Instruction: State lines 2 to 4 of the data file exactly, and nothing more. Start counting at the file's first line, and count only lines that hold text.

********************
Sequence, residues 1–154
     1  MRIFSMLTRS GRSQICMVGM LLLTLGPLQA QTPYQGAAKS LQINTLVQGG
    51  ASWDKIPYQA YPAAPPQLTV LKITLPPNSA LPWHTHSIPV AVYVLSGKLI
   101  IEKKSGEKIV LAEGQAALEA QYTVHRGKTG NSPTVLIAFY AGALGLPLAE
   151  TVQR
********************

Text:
     1  MRIFSMLTRS GRSQICMVGM LLLTLGPLQA QTPYQGAAKS LQINTLVQGG
    51  ASWDKIPYQA YPAAPPQLTV LKITLPPNSA LPWHTHSIPV AVYVLSGKLI
   101  IEKKSGEKIV LAEGQAALEA QYTVHRGKTG NSPTVLIAFY AGALGLPLAE